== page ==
Go forth into the field of thy Lord, and consider diligently with what a wild luxuriance of thorns and thistles it is covered even today from the ancient malediction. Go forth, I say, into the world, because the world is the field that is committed to thy care. Go forth, then, into this field, not however as the owner, but as the steward, in order to supervise and look after the things wherof thou shalt one day have to render an account. Go forth, I repeat, with the two feet, as it were, of attentive solitude and solicitous attention…. 2:6

For where is the man to whom something is not always wanting? Indeed he who considers that he is wanting in nothing proves himself thereby to be wanting in everything. What if thou art the Sovereign Pontiff? Dost thou think that, because thou art supreme in authority, thou art likewise supreme in every respect? 2.7

Can there be any doubt that thou art more a man than a bishop? ….Thinkest thou that thou didst enter the world wearing the tiara? Or glittering with jewels? Or clothed in silk? Or adorned with plumes? Or bespangled with gold? No. If, then, from before the face of thy consideration thou wilt with a breath, so to speak, blow away these things as morning mists that quickly pass and disappear: thou shalt behold a man, naked and poor, and wretched and miserable; a man grieving that he is a man, blushing for his nakedness, lamenting that he is born, complaining of his existence..and hence living in alarm. 2:9

Whenever thou rememberest thy dignity as Sovereign Pontiff, reflect also that not only wert thou once, but that thou art still nothing better than the vilest slime of the earth.  2:9

— 5 

He offers various pointers for the Pope as an leader of an organization and of his own household, observations which are startling in their continued applicability. First – the problem of leaders believing too easily what they are told by those who surround them.

The fault to which I refer is excessive credulity, a most crafty little fox, against whose cunning wiles I have never known any of those in authority to be sufficiently on their guard. Hence the indignation which they so often exhibit without any reasonable cause; hence the frequent verdicts given against the innocent; hence also the condemnations pronounced against the absent. 2:14

Then…how to speak.

Thy lips have been consecrated to the Gospel of Christ. Therefore it is unlawful for thee now to use them for jesting, and a sacrilege to have them thus habitually employed…Observe that it is not jests or fables but the law of God that is to be sought from the mouth of a priest. 2:13

An interesting complaint about how supplicants use the Pope to their own advantage, bypassing the local authorities, going straight to the Pope, telling their side, and then waving the flag of papal approval:

“…has recourse to thee, and returns in triumph ,boasting of thy protection, whose avenging justice he ought rather to have experienced.” 3.2

How the Pope should relate to his household. Before this, Bernard tells Eugenius to trust the details of the household to others, but…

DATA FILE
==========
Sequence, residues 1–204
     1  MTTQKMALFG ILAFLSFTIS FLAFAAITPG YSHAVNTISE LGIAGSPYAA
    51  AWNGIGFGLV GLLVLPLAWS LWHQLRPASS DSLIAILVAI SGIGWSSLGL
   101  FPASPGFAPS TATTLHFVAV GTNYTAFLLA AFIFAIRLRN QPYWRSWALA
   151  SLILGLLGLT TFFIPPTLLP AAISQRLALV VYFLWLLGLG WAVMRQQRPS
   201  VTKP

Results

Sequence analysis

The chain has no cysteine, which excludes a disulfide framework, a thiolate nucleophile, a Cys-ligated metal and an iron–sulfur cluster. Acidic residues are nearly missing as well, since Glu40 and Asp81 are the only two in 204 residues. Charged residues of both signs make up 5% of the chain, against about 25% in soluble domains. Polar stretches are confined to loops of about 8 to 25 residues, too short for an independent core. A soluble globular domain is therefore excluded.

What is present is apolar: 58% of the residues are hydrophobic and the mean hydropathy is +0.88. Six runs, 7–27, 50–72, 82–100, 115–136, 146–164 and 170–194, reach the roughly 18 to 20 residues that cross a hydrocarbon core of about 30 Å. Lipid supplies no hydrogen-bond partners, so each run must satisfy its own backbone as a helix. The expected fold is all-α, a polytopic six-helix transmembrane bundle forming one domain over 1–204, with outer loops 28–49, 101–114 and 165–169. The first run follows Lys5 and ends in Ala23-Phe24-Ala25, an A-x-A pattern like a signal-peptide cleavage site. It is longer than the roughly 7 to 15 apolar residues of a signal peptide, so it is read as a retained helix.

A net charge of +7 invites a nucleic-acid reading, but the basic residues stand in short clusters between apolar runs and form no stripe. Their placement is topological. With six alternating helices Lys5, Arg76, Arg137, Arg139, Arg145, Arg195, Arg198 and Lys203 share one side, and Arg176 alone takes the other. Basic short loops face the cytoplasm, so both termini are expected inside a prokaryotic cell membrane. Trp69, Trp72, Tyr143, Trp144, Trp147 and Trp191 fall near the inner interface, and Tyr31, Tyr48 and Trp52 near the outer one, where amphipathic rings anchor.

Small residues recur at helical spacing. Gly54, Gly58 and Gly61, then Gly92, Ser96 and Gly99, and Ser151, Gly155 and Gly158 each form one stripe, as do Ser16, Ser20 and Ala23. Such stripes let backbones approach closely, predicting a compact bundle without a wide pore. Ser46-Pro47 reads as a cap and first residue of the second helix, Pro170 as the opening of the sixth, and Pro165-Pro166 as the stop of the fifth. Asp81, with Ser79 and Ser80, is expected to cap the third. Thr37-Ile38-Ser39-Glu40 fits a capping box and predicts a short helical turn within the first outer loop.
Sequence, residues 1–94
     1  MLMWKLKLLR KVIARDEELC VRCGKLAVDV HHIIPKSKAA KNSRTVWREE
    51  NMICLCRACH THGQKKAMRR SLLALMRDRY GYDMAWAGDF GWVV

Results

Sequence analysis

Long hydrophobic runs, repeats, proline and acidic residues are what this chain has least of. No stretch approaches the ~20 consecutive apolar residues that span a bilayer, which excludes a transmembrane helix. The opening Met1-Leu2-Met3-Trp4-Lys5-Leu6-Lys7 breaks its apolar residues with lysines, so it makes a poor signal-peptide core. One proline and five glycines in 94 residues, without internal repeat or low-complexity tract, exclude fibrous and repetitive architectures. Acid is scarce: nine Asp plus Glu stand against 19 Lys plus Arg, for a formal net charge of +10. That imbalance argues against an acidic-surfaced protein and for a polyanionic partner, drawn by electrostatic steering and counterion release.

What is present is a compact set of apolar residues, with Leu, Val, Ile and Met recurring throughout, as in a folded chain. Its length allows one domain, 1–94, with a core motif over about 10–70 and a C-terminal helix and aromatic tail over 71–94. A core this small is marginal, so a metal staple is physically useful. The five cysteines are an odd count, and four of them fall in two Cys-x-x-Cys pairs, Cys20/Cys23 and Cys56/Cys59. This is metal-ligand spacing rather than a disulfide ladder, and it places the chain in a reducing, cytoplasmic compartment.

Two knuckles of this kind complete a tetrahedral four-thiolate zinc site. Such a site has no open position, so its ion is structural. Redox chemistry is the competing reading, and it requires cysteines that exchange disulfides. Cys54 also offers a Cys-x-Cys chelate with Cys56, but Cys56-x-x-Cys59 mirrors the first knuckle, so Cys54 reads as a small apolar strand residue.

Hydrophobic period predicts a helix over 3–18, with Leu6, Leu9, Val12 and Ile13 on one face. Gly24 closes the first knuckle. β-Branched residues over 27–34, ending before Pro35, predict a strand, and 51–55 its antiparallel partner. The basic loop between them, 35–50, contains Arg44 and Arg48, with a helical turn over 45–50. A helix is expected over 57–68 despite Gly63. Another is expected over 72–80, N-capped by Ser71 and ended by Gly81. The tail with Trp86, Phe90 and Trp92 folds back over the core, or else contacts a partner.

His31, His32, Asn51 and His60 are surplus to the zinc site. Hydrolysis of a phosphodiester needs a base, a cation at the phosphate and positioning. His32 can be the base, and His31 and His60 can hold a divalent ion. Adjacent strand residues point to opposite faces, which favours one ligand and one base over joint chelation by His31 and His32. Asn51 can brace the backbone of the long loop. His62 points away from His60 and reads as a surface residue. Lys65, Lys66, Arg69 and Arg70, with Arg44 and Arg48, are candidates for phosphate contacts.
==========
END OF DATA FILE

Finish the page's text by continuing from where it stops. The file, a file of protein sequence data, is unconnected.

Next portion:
But keep informed of ….the character and conduct of each member of thy household. Thou shouldst not be the last to know the faults of thy domestics, which, as I have reason to believe, is commonly enough the case with bishops…charge thyself personally with the discipline of thy house…

….I would not have thee to be austere in thy manner, but only grave. Austerity is wont to repel the timid, whereas the effect of gravity is to sober the frivolous. …Be the Pope in the palace, but at home show thyself more as a father. Make thyself loved, if possible, by thy domestics; otherwise let them fear thee. It is always good to keep a guard over thy lips, yet not so as to exclude the grace of affability.  4:6

I do love the distinction between austerity and gravity and his observation on the effect of both. So wise and still true.

6–

Now here is a great quote. Fascinating. First, Bernard lets loose on “the Roman people” who have been giving popes such fits. Hmm. He might want to work on his accompanying skills.

But then..the second part of the quote is applicable to all of us..well, me at least. These are very wise words about how we should view our own efforts in relation to God’s will and power. Stick that in your Ministry Fruits Evaluation Pipe and smoke it.

But what shall I say of thy people? They are the Roman people! I cannot express what I think of them more briefly and forcibly than by giving them this title. What fact has been so well known to every age as the arrogance and pride of the Romans? They are a people who are strangers to peace and accustomed to tumult; a people ferocious and intractable even until now; a people that know not how to submit whilst resistance is possible. Behold thy cross…..nevertheless do not lose heart. What is required of thee is not the cure of the patient but the solicitous care of him. “Take care of him,” said the Good Samaritan to the innkeeper, not “cure him” or “heal him”.[what follows are several Pauline references to the point that ‘success’ is not the goal, for we don’t know what ‘success’ means in God’s eyes, but rather our dedication and labor] .   I beseech thee, therefore, to do what is thy part. As for the rest, God will be able to accomplish what appertains to Him without any need of thy care and solicitude. Plant, water, spare no pains, and thou has discharged thy duty. It belongs not to thee, but God to give the increase whenever it pleaseth him.